Ellis’ father moved the family west in 1974 following his own Hall of Fame coaching career in Ohio. Mike Ellis is a member of Dubuque Senior’s athletic Hall of Fame after starting at point guard and quarterback as a junior and senior at the school. He also lettered in track and played golf there.

The weekend trip featured a shoot-around practice at Dubuque Senior High on Saturday morning, although not in the same gym where Ellis played. “There’ve been a lot of upgrades at the school and it’s really beautiful there,” he said. “I wish it looked like that when I played.

“We need trips like this to spend time together as a team. This kind of travel helps them experience what it’s like to travel and play at the next level.”

Evanston’s Jonah Ross, seen at a Dec. 2 game, scored a game-high 21 points on Jan. 7. He shot 7-of-12 from 3-point range. Credit: Michael Kellams/thatphotodad.com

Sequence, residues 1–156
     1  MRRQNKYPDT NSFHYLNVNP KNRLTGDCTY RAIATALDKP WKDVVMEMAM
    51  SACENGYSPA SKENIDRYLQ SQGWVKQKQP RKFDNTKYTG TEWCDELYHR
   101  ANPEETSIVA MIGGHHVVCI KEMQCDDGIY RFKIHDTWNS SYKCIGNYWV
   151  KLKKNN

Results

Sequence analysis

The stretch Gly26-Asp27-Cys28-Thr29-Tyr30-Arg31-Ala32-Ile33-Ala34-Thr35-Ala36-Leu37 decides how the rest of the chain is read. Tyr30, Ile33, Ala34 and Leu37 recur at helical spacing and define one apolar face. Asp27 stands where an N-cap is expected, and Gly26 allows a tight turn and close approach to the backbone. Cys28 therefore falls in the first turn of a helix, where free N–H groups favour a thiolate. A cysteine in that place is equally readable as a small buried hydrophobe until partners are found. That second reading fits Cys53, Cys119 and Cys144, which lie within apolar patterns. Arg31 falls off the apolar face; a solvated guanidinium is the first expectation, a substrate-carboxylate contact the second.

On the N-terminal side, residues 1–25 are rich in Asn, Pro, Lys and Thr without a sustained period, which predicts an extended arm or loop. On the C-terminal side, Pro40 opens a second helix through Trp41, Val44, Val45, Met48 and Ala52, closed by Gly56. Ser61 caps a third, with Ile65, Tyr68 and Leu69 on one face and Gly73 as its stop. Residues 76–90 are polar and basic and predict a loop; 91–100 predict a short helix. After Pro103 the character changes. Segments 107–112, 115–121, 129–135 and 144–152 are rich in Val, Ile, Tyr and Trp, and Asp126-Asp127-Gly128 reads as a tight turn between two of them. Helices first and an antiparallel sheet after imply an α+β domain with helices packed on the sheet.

Ross drained four 3-point baskets in the first quarter – a couple from behind the arc for the collegiate players – as the Wildkits broke out to a 22-8 lead in the first quarter and never looked back.

Another 3-point shot by Ross just before the halftime buzzer boosted the winners to a 37-19 advantage, and that gave Ellis the opportunity to clear his bench in the second half. Seventeen players saw action for the Kits, including Brown, who scored a career-high 10 points, eight coming in the fourth quarter.

Hempstead was paced by Drew Lewis with 15 points and Reed Strohmeyer with 12.

Evanston shot 60% from the field in the first half and had no problems puncturing the Mustangs’ 1-2-2 zone defense. Point guard Hunter Duncan collected six assists and also scored 7 points and Josh Thomas snatched a game-high nine rebounds to back Ross’ offensive outburst.

“Our guys did a great job of finding the hot hand [Ross] tonight,” Ellis said. “They found him in places where he could make the defense pay. We’ve typically played better in the second half in most of our games, but we found spots where we could produce against their defense and we put a lot of pressure on them right from the start tonight.

“They felt like it wasn’t their best effort last night [against Maine South] and I think they were anxious to prove a point, that they’re better than that.”